Recreating period lighting fixtures is often part art, part detective work, even when there’s a wealth of original information available.
Since 2001, brothers Matt and Jon White, co-owners of Heritage Metalworks, have been honing their sleuthing skills on a variety of high-profile lighting and metalwork projects for the likes of Winterthur, the Smithsonian Institution, and the Chrysler Museum of Art.
Their work for Fair Lane, the Dearborn, Michigan, estate of Ford Motor Co. founder Henry Ford and his wife, Clara, presented new challenges and creative opportunities.
The Henry Ford Estate | House Museum
The Henry Ford Estate, the nonprofit in charge of the iconic 1915 property that has been converted into a house museum, commissioned them to recreate chandeliers, sconces, and metal smoke stands as part of an extensive restoration that will return the property to its 1919 grandeur.
The 31,000-square-foot limestone mansion, which is a blend of Midwestern Prairie School and English country manor styles, was one of the first sites to be designated a National Historic Landmark. Designed by architects William H. Van Tine and Joseph Nathaniel French and landscaped by Jens Jensen, it presides over 1,300 wooded acres on the River Rogue.
The property, named after an area in Cork, Ireland, that was significant to Ford, originally contained an electrical power plant, a greenhouse, a boathouse, riding stables, a children’s playhouse, and a treehouse.
Through the decades, the house had deteriorated, and some of the important lighting fixtures in the music room, the library, and the billiard room had gone missing. Their images remained only in a series of professional black-and-white photos that the Fords commissioned to show off the estate when it was new.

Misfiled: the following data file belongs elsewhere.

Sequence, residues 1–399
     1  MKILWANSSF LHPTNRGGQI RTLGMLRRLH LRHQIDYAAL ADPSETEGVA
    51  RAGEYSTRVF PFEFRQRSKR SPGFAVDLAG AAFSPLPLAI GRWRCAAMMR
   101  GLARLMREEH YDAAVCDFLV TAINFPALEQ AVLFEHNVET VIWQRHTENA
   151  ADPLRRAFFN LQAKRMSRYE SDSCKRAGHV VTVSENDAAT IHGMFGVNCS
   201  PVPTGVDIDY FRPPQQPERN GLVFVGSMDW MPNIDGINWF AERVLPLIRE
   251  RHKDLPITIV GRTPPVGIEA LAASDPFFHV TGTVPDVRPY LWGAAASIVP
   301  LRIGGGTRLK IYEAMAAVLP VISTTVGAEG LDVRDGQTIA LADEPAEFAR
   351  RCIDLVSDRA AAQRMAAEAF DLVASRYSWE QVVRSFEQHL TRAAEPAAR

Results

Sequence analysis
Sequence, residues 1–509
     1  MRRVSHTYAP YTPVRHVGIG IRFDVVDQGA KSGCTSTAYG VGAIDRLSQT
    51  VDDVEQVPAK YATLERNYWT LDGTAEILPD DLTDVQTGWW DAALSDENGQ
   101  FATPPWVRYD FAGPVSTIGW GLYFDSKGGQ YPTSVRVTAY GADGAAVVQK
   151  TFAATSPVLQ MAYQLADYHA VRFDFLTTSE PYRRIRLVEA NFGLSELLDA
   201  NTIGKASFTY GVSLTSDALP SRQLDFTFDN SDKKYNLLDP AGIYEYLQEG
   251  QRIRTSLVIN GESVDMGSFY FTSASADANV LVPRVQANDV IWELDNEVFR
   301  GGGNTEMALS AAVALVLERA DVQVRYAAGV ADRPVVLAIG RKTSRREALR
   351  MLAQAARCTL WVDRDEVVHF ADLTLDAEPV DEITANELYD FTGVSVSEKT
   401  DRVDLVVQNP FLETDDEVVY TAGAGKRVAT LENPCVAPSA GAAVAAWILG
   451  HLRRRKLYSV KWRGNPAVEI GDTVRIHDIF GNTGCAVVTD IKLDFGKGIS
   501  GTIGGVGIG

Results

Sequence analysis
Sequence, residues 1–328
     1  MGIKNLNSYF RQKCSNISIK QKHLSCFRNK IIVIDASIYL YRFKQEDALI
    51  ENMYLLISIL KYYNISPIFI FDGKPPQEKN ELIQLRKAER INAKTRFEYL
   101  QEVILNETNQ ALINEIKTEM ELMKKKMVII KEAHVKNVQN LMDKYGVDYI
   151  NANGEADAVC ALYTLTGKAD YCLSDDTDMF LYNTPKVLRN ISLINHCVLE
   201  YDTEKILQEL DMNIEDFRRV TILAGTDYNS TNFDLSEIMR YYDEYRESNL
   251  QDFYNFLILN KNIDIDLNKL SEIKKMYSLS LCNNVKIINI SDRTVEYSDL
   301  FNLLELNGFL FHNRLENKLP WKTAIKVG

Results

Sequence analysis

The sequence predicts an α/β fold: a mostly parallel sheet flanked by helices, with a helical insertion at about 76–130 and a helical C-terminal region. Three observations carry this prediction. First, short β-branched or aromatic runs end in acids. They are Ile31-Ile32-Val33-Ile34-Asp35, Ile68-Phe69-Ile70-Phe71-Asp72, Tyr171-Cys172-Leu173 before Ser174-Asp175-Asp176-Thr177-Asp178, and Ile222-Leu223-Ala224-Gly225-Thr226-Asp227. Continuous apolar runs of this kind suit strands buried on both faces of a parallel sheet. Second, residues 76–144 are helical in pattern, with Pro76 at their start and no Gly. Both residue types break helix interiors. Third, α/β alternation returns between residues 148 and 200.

“The photos were high-resolution,” Matt says, “but these fixtures have a lot of refined details sculpted into them that could not be seen with clarity. And because of the perspective the photos were taken at, it made it a challenge to figure out the scale. We made an educated guess with the assistance of the photos and actual site measurements, overlaying them to try and zero in on actual scale.” Jon added, “Nor could we tell the color of the finishes or whether the patina was polished.”
Replicating Lighting Fixtures
Using the photos, as well as detailed sales receipts, period lighting catalogs, letters, and other correspondence between the Fords and the makers, the artisans at Heritage Metalworks were able to put the pieces together like a jigsaw puzzle.
“We also comprehensively researched metal finishes and studied fabrication processes from other lighting manufacturers of that period,” Matt says. “The rooms were scaled, referencing millwork, molding, plasterwork, and other key elements.”
The team, which did the work in its 12,000-square-foot plant in Downingtown, Pennsylvania, then made concept sketches, CAD drawings, 2D cutouts, and printed patterns. 3D mockups re-created the size of the fixtures as well as their refined details.
“We visited the house twice,” Matt says. “The second time, we took hand-sketched 2D models and held them up in the middle of the room at the same angle they were in the old photos to make sure they were the correct size and scale.”